23Let us conclude by considering our third question: Do these developments and challenges present a turn in Mennonite Prairie writing? We argue that both Wes Funk and Lynette D’anna challenge traditional notions of Mennonite identity by either addressing sexuality directly or breaching the norms of heterosexuality in their writing. By directly criticizing the essentialized understanding of Mennonite community in his novel, Funk is more explicit in addressing the apparent oxymoron of homosexuality and Mennonite identity. Literary scholar Daniel Shank Cruz, who works on queer Mennonite writing in North America, celebrates authors who turn their attention to this topic, because, as he argues,
little has been done in the realm of literary criticism to explore the tension between those two identities [Mennonite and queer]. This lack is dangerous because, as the history of literary criticism on various minority literatures shows, focusing on a single aspect of a person’s identity is ultimately an oppressive dead end both for academic theory and lived practice. (143)
24D’anna’s text—by moving beyond a certain level of navel gazing that is typical for traditional Mennonite writers—goes one step further. This apparent distance from traditional Mennonite topics may indicate a move towards more global concerns, a move that would also render Mennonite writing more accessible to a wider readership. Thus, in contrast to the earlier books discussed in this article—which depict concerns with Mennonite history, religion, community, and communal identity—the novels by Funk and D’anna suggest a turn in Mennonite Prairie writing. However, by featuring fragmented identities that challenge an ideal of sameness, both novels ultimately allow for a greater variety in expression of identity. As such, they are representative for an increasing number of contemporary Mennonite writings. In addition to historical novels and novels which employ storytelling as one of the most important means to establish a shared identity, a growing number of narratives discuss contemporary problems in a globalized world. This new perspective allows Mennonite Prairie writers to move beyond specific Mennonite topics and settings in their fiction and turn towards a discussion of the contemporary challenges we all are facing. In addition, we are witnessing a transition from communal to individual concerns as well as a deconstruction of Canada as a promised land for Mennonites.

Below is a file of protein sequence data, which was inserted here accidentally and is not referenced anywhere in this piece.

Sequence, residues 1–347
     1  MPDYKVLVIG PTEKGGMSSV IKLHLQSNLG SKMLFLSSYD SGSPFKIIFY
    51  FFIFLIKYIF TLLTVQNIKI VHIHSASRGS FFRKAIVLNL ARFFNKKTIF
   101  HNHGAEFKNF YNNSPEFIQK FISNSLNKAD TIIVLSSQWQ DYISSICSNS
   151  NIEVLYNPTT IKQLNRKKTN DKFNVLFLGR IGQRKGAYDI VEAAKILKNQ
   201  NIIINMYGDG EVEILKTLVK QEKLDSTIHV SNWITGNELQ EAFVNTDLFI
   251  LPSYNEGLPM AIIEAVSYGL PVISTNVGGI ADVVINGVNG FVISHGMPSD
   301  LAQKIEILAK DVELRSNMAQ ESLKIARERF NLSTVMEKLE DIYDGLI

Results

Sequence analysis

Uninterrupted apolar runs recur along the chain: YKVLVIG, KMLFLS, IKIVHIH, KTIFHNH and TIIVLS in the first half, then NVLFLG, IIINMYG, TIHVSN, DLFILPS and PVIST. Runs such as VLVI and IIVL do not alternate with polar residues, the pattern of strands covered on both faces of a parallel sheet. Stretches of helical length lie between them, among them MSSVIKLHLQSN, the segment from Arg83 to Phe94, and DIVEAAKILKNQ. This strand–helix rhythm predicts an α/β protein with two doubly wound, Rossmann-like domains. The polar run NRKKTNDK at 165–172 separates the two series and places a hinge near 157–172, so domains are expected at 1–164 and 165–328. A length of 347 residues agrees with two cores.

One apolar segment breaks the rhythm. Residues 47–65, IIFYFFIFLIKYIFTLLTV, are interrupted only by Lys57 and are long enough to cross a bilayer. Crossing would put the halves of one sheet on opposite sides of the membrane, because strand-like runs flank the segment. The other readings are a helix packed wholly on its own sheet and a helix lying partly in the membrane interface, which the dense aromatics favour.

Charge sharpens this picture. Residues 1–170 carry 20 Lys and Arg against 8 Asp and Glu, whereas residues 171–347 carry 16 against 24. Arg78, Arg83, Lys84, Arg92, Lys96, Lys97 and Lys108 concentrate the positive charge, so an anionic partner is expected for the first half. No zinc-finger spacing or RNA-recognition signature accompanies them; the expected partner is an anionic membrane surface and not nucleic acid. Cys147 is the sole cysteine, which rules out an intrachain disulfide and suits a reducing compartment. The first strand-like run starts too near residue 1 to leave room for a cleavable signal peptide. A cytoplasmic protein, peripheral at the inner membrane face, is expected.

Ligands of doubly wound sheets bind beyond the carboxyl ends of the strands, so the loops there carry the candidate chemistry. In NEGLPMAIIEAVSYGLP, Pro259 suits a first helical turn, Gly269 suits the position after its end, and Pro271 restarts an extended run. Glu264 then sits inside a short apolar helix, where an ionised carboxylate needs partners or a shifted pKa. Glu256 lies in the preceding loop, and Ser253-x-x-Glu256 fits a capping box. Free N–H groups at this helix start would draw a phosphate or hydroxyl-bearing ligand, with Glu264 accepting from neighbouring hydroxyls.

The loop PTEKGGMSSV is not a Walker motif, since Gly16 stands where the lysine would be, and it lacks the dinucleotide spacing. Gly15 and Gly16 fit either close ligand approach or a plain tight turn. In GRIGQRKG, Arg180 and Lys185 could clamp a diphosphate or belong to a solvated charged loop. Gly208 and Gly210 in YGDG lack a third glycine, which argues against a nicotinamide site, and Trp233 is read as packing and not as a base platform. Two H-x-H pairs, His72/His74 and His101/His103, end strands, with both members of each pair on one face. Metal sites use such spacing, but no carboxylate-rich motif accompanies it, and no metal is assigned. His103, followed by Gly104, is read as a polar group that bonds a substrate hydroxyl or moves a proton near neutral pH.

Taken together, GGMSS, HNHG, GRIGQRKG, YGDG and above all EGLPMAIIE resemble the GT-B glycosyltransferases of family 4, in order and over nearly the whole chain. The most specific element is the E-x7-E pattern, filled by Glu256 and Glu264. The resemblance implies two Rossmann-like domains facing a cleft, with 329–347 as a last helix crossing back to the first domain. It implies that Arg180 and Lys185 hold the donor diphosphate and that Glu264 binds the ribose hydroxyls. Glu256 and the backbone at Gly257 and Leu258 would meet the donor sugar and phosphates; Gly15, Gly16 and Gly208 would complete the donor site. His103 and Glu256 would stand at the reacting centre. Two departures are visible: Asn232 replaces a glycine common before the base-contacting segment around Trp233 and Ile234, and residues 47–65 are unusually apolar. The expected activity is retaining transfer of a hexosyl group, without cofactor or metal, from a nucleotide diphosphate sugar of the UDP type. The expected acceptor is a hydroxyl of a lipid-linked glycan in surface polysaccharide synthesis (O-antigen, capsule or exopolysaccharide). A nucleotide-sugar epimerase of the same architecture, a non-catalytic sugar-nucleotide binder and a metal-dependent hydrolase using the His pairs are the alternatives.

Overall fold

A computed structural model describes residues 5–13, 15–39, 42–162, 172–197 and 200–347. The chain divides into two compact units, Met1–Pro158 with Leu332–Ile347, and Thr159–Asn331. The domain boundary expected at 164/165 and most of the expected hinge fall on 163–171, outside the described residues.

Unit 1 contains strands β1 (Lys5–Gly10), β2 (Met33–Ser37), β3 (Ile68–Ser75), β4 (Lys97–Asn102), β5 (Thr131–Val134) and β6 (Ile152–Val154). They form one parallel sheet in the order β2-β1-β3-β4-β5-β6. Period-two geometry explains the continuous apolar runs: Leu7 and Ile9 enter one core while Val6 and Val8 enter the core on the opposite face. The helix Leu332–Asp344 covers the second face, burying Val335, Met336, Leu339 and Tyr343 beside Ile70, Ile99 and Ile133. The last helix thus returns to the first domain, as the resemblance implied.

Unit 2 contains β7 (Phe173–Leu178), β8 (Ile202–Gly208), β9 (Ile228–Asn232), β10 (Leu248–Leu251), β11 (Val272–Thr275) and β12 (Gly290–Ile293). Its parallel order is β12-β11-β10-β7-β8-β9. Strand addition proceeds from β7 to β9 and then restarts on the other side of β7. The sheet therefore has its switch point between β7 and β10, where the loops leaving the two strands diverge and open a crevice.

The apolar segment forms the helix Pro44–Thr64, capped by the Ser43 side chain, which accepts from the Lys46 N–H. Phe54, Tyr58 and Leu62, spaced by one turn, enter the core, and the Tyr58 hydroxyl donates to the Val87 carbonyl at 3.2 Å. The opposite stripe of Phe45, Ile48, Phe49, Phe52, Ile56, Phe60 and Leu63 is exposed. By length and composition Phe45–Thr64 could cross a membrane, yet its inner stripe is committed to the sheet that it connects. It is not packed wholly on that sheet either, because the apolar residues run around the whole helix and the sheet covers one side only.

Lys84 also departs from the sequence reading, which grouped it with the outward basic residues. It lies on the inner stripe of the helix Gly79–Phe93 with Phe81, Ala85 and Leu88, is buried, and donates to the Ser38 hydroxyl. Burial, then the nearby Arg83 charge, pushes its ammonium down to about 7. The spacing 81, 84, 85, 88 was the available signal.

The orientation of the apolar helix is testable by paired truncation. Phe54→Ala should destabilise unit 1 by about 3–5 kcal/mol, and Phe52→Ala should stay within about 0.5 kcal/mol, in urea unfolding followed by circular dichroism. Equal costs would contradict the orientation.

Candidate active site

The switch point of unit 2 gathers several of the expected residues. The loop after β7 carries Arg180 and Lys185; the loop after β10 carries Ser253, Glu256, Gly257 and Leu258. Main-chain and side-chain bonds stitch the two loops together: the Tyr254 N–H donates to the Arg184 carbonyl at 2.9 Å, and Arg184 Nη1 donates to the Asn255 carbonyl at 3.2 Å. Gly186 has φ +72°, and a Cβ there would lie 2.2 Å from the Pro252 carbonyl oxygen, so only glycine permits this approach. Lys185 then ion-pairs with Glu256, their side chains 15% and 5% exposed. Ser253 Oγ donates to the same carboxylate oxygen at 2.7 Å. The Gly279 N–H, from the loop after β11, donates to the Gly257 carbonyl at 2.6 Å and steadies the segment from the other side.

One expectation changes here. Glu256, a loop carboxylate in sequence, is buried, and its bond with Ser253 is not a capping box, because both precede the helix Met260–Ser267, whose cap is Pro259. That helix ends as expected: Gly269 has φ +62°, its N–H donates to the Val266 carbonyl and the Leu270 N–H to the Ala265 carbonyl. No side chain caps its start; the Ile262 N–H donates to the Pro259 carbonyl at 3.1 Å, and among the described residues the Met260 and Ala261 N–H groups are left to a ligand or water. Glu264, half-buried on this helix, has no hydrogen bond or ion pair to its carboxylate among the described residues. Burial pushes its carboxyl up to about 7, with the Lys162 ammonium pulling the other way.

“In all societies, the course of life is structured by expectations about each phase of life, and meaning is assigned to specific life events and the roles that accompany them. When expectations about the course of life are not met, people experience inner chaos and disruption. Such disruptions represent loss of the future. Restoring order in life necessitates reworking understandings of the self and the world, redefining the disruption and life itself” (Becker 4).
 Lynette D’anna has been using this name as a pen name after her first publication, sing me no more (1992), had been published, still under the name of Dueck, which is a very typical Mennonite last name often found among Mennonites on the Canadian Prairies.
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Martin Kuester is Professor of English Literature at the University of Marburg. He holds degrees from the universities of Trier (M.A.), Manitoba (Ph.D.) and Augsburg (Dr. phil. habil.). He has published monographs on the Canadian historical novel and on John Milton as well as numerous essays on English and Canadian writing. He has (co-)edited several collections on Canadian topics, an introduction to Canadian Studies, and a handbook of literary terms. At the moment he is editing a volume of essays on the teaching of Canadian Studies.
Julia Michael holds an M.A. in English and American Studies from the University of Greifswald. She studied at the University of Lancaster, GB and conducted research for her M.A. thesis on “Mennonite Writing in Canada” at the University of Manitoba. She is currently completing her doctoral thesis on Mennonites as a Narrating Community at the University of Giessen. In her dissertation, she focuses on the constructions of and challenges to Mennonite Canadian Identity through narratives.